Window shopping is a retail sport that transcends nationality or local culture, which is why a new innovation from Japan that makes it just a little more fun could very well be coming to the West in the near future. The Marionettebot is a traditional mannequin engineered to mimic the movements of passersby who stand in front of the window and interact with the display.
Designed by Japanese fashion brand United Arrows, the Marionettebot is made possible through the use of a Kinect device and 16 wires strategically attached to motorized parts of the mannequin's body, allowing it to move in concert with the motions of the person standing in front of it. The construct started out as a commercial for the brand that showed an imaginary meeting of two lovers who turn into mannequins on a city street. That TV spot then morphed into this public display that anyone can now walk up and sample in Tokyo's Shibuya district.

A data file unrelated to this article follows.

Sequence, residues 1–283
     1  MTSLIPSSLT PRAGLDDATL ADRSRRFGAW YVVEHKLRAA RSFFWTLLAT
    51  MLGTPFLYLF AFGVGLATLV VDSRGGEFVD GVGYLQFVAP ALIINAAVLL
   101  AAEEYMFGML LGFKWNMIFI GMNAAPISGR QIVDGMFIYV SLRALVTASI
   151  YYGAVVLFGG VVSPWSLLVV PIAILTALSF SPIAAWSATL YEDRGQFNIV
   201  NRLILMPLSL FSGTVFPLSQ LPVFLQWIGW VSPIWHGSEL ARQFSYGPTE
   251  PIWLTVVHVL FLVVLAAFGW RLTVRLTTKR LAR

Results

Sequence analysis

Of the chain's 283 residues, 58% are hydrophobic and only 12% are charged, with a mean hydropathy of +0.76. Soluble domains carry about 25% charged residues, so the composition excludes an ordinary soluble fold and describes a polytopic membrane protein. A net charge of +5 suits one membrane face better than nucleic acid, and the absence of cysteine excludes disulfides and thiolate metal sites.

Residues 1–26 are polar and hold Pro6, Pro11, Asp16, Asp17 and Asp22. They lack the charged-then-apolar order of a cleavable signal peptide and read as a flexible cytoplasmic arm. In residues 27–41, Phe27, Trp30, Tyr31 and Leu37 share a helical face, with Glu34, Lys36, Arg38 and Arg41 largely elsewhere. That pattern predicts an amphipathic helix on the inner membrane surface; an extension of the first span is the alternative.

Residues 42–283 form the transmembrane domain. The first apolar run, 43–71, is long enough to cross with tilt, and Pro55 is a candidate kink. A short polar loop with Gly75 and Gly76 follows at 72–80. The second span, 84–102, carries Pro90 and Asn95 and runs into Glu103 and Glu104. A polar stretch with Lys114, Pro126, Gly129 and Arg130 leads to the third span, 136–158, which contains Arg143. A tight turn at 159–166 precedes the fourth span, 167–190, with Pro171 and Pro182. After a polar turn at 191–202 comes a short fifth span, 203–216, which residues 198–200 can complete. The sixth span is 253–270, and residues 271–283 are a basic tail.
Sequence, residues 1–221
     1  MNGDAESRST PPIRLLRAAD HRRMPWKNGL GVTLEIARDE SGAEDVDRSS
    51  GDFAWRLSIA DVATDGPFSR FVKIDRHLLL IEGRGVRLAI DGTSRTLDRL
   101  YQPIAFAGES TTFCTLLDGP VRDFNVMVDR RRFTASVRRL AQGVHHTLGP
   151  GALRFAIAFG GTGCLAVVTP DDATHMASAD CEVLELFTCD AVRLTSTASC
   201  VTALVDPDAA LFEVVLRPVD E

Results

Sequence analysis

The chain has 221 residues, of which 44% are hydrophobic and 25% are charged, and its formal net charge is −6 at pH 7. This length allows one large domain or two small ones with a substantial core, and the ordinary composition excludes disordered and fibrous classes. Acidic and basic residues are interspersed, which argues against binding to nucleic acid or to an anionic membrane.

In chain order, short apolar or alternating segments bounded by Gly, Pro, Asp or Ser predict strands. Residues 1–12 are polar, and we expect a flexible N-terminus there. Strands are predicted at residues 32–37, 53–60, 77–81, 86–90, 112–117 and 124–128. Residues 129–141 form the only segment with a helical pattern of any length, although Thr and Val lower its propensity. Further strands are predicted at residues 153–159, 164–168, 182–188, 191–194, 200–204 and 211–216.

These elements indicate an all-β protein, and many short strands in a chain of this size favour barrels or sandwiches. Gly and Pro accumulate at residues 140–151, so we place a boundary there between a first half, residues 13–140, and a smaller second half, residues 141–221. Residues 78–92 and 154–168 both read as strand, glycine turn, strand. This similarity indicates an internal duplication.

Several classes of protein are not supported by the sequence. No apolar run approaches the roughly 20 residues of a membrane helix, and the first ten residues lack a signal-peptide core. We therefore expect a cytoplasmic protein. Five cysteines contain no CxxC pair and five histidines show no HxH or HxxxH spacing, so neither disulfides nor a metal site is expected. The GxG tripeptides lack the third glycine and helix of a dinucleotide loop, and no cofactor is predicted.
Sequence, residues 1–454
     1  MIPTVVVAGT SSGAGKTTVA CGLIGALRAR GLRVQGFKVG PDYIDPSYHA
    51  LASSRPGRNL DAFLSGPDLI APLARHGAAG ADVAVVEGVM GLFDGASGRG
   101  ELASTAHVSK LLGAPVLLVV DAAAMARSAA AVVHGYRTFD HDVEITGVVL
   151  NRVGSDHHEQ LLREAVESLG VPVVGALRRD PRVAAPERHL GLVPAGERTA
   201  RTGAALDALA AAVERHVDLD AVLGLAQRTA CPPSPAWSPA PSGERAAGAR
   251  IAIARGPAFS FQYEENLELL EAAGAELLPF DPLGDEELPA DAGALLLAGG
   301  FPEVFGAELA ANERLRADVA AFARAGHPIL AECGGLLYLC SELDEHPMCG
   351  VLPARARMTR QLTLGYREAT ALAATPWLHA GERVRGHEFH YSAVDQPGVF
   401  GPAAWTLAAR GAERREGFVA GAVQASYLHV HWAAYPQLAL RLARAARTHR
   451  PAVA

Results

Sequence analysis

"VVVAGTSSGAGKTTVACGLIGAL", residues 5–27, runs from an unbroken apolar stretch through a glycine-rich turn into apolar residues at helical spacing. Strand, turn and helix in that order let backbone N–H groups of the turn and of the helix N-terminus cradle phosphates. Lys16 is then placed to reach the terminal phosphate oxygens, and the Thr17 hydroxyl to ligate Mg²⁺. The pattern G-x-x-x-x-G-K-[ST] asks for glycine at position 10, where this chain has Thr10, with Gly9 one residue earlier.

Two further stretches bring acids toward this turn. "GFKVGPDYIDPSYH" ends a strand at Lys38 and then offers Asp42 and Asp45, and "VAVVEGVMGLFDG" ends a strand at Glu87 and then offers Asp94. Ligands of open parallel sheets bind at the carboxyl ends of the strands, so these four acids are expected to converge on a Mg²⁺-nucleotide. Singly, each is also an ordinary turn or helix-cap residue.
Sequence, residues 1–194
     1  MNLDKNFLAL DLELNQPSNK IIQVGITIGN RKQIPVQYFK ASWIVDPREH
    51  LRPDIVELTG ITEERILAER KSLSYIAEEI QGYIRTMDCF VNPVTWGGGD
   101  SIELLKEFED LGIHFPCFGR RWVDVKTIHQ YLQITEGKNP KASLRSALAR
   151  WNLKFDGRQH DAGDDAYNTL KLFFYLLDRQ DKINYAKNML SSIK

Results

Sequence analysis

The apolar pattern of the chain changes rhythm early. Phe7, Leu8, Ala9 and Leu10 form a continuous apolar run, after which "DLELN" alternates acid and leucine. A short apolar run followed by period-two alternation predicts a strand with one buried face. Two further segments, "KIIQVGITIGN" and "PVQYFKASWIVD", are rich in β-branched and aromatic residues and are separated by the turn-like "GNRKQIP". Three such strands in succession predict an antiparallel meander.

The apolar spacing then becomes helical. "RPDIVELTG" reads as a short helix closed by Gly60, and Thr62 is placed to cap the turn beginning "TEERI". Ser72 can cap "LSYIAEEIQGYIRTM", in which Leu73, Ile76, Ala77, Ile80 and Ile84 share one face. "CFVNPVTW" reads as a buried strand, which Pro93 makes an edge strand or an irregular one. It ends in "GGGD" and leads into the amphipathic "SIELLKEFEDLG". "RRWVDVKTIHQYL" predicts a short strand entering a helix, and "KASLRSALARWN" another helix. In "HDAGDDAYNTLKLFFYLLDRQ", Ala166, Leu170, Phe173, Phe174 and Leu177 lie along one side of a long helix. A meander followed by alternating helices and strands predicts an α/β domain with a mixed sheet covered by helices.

Of course, it's easy to image holographic versions of this dynamic becoming popular in the near future, but in the meantime, this is a pretty cool example of how to use off-the-shelf tech to stir interest in an international brand.
You can see the Marionettebot in action in the video below.